Ba mhaith liom pionta Guinness

    Oisín Mac Cinnéide, Emma Nolan and Trish O'Dea

    IT WAS a special evening.

    A majority of the revellers in a city pub called for their favourite tipple as gaeilge, the bartenders responded in our vernacular and sláinte echoed throughout.

    Kilkenny’s first Pop Up Gaeltacht was in Cleere’s Theatre and Bar, Parliament Street and it attracted a bumper 200 gaelgoirí, aged 18 to 80.

    The idea of a Pop-Up Gaeltacht is that people from our area who speak Irish are presented with an opportunity to socialize in a once-off venue. 

    The Gaeltacht started in Dublin last year and is now held there every month, but in a different pub each time.

    Pop Ups have become very popular around the world as well, Gaeltachts have sprouted in New York, Singapore, Glasgow, Vancouver, Sydney and other capital cities. 

    They are free events, essentially, a normal crowd in a pub – except that everyone speaks as Gaeilge.

    The pub becomes a Gaeltacht for a night. And whether you are a fluent speaker or a beginner, there is fáilte roimh cách.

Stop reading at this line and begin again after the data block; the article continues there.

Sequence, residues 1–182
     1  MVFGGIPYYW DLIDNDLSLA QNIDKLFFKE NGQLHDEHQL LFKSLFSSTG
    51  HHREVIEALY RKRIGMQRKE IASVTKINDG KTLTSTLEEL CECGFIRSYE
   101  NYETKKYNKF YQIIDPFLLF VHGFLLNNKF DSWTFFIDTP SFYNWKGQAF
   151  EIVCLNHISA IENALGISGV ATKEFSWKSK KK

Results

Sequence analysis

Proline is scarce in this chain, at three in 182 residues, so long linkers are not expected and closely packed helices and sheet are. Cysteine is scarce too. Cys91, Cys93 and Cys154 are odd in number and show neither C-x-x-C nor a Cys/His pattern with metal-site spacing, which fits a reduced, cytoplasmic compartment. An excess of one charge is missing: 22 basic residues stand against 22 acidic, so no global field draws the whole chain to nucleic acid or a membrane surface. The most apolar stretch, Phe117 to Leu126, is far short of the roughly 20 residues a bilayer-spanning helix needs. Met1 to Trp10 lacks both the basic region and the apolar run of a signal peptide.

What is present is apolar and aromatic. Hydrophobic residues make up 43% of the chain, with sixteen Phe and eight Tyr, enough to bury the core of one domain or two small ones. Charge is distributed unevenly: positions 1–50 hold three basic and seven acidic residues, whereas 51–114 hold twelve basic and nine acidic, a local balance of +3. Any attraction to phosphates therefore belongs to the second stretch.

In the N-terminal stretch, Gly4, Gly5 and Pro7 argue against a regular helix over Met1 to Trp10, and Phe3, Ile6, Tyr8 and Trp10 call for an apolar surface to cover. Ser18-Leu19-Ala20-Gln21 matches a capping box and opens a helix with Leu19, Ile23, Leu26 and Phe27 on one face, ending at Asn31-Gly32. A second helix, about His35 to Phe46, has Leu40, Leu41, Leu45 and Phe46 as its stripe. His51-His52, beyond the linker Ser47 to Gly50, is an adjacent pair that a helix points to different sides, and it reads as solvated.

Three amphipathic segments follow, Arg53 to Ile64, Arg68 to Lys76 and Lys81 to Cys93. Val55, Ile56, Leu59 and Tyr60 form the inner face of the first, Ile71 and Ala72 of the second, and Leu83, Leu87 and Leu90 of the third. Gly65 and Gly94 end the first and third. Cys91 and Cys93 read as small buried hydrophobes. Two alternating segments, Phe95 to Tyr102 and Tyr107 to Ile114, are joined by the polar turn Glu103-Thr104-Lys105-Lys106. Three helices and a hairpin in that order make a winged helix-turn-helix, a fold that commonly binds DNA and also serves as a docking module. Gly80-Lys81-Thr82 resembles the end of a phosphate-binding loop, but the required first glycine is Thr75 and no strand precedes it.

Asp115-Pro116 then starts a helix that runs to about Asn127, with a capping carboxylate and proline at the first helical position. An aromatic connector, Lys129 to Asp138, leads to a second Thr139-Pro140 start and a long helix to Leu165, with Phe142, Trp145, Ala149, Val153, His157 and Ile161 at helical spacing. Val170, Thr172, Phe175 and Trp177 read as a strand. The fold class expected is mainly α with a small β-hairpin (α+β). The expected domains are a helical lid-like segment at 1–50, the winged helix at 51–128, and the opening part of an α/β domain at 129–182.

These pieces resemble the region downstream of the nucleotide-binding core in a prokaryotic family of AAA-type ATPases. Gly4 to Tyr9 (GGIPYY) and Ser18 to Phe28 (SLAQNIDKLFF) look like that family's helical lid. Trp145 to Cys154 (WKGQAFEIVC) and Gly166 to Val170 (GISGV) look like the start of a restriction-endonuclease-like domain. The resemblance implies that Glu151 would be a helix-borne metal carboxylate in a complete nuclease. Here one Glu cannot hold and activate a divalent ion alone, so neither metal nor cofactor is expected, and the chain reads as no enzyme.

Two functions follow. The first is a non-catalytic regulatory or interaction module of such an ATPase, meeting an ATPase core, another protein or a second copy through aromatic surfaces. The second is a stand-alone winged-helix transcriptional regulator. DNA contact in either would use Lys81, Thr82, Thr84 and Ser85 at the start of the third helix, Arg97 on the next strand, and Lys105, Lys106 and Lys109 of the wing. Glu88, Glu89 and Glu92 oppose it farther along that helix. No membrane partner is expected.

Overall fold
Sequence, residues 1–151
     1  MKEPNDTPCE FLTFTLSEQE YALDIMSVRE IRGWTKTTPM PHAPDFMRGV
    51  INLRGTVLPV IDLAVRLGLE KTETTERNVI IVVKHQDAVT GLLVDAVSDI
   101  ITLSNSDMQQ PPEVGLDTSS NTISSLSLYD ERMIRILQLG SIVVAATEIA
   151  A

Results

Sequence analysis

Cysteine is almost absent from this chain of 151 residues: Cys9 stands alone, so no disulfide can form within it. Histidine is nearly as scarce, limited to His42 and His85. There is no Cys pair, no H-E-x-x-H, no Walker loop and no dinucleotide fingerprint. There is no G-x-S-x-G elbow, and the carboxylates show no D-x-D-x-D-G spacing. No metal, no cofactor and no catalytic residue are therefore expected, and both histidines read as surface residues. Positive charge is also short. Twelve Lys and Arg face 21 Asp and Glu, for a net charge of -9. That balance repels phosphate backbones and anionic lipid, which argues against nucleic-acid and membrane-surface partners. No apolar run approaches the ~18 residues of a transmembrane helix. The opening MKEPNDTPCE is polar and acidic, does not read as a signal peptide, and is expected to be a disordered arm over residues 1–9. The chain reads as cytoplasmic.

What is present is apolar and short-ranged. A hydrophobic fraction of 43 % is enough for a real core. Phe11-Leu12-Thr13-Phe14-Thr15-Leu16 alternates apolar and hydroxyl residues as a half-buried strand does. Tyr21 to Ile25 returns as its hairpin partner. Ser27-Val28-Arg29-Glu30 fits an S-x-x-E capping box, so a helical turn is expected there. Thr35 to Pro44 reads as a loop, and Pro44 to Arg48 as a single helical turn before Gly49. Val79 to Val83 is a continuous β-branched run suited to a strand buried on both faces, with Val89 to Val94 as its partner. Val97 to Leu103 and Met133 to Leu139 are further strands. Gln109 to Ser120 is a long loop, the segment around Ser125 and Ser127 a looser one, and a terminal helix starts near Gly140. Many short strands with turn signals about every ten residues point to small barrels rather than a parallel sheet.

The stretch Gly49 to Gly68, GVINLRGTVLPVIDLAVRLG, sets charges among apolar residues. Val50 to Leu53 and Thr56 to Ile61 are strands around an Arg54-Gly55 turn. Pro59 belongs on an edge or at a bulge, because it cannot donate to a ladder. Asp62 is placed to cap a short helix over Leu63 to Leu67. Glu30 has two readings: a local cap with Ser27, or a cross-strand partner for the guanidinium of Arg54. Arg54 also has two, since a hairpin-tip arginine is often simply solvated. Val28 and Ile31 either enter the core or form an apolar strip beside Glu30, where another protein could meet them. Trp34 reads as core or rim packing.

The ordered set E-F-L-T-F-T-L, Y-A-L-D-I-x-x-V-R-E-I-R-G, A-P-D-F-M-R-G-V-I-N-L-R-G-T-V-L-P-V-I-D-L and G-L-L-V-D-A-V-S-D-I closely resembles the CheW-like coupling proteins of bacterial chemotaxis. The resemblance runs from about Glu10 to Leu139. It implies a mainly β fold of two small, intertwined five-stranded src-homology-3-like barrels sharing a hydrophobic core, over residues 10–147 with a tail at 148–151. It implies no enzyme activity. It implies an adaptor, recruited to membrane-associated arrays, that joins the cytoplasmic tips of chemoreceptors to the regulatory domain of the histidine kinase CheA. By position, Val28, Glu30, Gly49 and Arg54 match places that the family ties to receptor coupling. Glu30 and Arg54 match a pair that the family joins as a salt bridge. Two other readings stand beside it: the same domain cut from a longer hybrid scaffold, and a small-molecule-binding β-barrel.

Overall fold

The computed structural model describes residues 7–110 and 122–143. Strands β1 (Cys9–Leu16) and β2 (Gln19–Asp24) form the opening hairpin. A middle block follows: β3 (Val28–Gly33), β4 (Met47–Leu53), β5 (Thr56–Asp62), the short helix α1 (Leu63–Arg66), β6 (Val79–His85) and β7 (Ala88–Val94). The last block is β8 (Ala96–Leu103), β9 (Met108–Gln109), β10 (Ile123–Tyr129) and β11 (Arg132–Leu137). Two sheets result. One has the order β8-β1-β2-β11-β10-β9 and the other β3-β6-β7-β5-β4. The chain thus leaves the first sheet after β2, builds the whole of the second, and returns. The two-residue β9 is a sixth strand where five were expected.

Emma Nolan is an Irish teacher in Presentation Secondary School.

    She saw an opportunity to run a Pop Up Gaeltacht in Kilkenny.

    She worked with Oisín Mac Cinnéide and Trish O’Dea as co-organisers, and they aimed to promote the use of the Irish language in Kilkenny through the county’s first Pop Up Gaeltacht.

    Emma was delighted with our maiden voyage. 

    “The Pop Up Gaeltacht is a great way of bringing Irish speakers in Kilkenny together. It was fantastic to see such a large turn out for the first one and we look forward to running future Pop Up Gaeltachts around the county,” she told The Reporter.